There is much to like about the commercial turboprop market’s prospects, especially those for maintenance on the Bombardier Q400’s Pratt & Whitney Canada (P&WC) PW150 engines.
If fuel prices ever return to pre-2014 levels—something analysts do not see happening for several more years at least—manufacturers of current-generation turboprops will have even more to celebrate, as will the companies that maintain them and their engines.
FlyBe operates one of the world’s largest Q400 fleets. Credit: Nigel Howarth/Aviation Week & Space Technology
Utilization of smaller regional jets is fading, creating opportunities in the 70-90-seat range, while emerging markets like India and smaller Asia-Pacific countries are ripe for the introduction of aircraft that can turn a profit moving fewer than 100 passengers.
The Q400 is biding its time, and its broad operator base gives it a foundation to persevere until its market segment rallies. Aviation Week’s Commercial Fleet and MRO Forecast data showed 539 Q400s in service with 61 airlines and other operators as of June 1. The top 10 are spread over North America, Europe and the Asia-Pacific region. Each counts at least 14 aircraft in its fleet, led by Horizon Air (52), FlyBe (49), WestJet Encore (40), Jazz Aviation (39) and QantasLink (31). The geographic distribution bodes well for the Q400 aftermarket—the biggest share of which is, not surprisingly, Pratt & Whitney Canada PW150 engine work.
The PW150A is the exclusive powerplant for the Q400, which sits in a market that has generated demand for more than 1,200 engines. Aviation Week’s forecast sees the market improving, with the in-service fleet surpassing 600 aircraft in 2020.
Given the program’s status and factoring in a few retirements, that may be optimistic. Bombardier shows 547 Q400s delivered as of March 31, but the backlog stood at just 26 after six deliveries in the first three months of the year.
Despite the meager backlog, the program has shown some life in 2017. Bombardier in early June announced a five-aircraft order from an undisclosed customer.
While the Q400’s well-established fleet and operator base will remain the primary generator of PW150 usage and aftermarket work, the market soon will go beyond the venerable Bombardier turboprop. The PW150A powers the Antonov An-132D, the re-engined and upgraded An-32 that made its first flight on March 31.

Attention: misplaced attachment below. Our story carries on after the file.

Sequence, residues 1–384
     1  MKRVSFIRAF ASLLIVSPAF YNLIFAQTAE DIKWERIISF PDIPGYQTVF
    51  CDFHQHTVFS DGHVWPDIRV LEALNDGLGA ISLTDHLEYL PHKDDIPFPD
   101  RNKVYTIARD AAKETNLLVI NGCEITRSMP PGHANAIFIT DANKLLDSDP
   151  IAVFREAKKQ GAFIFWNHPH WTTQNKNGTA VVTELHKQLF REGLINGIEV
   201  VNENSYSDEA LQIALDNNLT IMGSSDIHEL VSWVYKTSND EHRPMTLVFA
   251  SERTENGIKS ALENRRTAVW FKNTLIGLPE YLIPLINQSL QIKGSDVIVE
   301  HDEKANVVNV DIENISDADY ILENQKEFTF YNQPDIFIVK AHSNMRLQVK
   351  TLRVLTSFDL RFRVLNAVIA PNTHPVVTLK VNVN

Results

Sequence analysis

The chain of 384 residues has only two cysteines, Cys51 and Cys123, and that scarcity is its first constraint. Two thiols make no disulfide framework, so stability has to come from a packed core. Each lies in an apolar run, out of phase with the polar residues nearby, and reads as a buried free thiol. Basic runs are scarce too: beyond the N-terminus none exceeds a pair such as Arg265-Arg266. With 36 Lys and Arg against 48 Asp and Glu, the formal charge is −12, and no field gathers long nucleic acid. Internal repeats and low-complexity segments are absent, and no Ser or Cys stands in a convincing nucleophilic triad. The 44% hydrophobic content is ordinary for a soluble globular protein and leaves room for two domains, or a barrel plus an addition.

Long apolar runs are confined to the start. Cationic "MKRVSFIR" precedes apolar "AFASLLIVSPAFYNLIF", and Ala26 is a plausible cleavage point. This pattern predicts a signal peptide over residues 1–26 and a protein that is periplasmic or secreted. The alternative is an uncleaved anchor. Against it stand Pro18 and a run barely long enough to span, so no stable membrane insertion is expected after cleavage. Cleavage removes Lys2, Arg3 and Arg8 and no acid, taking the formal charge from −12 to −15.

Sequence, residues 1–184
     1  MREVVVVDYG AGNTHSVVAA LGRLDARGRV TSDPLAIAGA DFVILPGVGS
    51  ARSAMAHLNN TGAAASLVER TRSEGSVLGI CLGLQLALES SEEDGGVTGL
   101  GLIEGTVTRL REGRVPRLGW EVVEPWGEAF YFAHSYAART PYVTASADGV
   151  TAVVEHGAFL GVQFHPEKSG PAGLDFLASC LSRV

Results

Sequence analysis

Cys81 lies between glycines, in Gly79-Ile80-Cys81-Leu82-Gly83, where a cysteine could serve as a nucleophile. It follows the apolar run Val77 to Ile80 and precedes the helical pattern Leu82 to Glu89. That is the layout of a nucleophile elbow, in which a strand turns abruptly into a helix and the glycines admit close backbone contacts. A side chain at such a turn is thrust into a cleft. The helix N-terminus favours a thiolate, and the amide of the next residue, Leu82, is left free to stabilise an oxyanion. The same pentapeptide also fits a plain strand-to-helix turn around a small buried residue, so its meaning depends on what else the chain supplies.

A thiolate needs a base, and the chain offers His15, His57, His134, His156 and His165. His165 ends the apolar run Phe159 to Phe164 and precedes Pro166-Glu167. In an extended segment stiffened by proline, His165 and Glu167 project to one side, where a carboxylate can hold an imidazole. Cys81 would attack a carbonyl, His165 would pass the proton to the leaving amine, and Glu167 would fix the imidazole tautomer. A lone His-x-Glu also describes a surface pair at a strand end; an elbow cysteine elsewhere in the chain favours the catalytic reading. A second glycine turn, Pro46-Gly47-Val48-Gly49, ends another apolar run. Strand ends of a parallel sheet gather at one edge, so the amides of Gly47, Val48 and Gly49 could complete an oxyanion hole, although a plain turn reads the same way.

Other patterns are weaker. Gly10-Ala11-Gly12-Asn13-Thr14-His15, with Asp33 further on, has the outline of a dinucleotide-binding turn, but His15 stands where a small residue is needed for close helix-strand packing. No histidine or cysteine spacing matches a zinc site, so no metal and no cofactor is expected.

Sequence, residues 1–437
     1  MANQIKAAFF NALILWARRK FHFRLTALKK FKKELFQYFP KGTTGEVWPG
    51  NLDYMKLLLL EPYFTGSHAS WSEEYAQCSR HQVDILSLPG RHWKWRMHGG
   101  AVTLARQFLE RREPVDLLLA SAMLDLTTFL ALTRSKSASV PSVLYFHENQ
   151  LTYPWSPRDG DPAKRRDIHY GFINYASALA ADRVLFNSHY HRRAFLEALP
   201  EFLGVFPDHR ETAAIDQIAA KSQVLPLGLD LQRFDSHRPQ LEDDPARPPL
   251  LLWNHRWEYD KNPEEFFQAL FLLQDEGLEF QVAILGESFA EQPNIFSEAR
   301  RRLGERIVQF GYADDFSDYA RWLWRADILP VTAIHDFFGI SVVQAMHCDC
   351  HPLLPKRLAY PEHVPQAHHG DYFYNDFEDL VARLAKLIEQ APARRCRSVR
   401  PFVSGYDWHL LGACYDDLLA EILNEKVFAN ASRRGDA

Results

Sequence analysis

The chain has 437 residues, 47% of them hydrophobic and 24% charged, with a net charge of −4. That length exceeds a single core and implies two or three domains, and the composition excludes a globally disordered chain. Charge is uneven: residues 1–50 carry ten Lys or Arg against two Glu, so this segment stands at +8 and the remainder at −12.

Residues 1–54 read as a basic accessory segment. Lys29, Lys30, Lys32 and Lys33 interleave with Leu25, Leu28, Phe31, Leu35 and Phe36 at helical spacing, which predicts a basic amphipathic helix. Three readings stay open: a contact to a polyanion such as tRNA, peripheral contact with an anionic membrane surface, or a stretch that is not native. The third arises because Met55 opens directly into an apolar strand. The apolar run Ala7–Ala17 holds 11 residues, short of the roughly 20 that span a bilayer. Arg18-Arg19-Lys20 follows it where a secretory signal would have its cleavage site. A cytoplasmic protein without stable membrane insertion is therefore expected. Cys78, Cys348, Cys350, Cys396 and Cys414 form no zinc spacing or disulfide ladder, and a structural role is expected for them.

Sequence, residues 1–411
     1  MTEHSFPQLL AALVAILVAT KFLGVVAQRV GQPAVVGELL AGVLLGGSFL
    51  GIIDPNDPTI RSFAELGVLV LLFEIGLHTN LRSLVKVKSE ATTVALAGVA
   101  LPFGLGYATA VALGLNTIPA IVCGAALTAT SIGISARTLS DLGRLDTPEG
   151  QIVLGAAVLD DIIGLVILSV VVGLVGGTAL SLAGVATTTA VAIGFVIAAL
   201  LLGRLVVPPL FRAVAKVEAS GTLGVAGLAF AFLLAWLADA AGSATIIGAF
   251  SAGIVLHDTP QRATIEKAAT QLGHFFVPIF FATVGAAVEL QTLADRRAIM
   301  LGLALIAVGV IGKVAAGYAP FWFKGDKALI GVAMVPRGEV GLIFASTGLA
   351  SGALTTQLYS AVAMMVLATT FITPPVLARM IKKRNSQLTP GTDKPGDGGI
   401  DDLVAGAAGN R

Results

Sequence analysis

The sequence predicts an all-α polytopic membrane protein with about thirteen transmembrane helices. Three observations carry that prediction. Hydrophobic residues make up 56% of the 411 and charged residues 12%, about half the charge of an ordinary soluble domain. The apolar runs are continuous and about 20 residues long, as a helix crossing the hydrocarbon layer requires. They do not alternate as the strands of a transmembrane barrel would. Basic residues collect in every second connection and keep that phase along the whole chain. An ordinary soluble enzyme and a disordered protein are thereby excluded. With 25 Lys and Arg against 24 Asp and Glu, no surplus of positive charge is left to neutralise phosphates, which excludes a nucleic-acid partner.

Developed in partnership with Saudi Arabia’s Taqnia Aeronautics Co. and King Abdulaziz City for Science and Technology, the An-132D is serving as a demonstrator for what its backers expect to be a family of regional transport and passenger aircraft. It features the same Dowty R408 propellers that fly on PW150-powered Q400s, as well as Honeywell avionics.
Production will take place in both Ukraine and Saudi Arabia. The Royal Saudi Air Force (RSAF) has signed on as a launch customer, with a six-aircraft commitment. P&WC said in late 2015 that the An-132D program could drive demand for about 400 PW150 engines.
Meanwhile, an upgraded version, the PW150C, is being supplied to China’s Avic for its MA700 turboprop. The PW150C will feature a third-stage power turbine, a modified reduction gearbox to support the aircraft’s larger-diameter propellers, and an enhanced low-pressure compressor, P&WC says.
Launched in 2013, the MA700’s original time line called for a first flight this year. But design and production delays have pushed that back to 2020 at the earliest.
While the schedule delays are likely a temporary setback, a bigger hurdle in the pursuit of sales beyond China could be approval from the FAA or European Aviation Safety Agency (EASA). Work on a revised bilateral agreement between the U.S. and China, which would provide a path for FAA acceptance of Civil Aviation Administration of China (CAAC) certification approvals for aircraft above 19 seats, has stalled.
In April, EASA and the CAAC said they are working on a plan for the European regulator to validate the Comac 919 regional jet’s certification. That could open the door for subsequent EASA approvals of CAAC airworthiness certificates, including for the MA700.
While EASA approval would do little to help a Chinese aircraft’s prospects in the U.S., it would open up Europe as a market. It also could give other countries confidence to accept the aircraft’s certification. Since the U.S. market is hardly ripe for Chinese-aircraft sales, the lack of an FAA approval would be all but offset by an EASA blessing.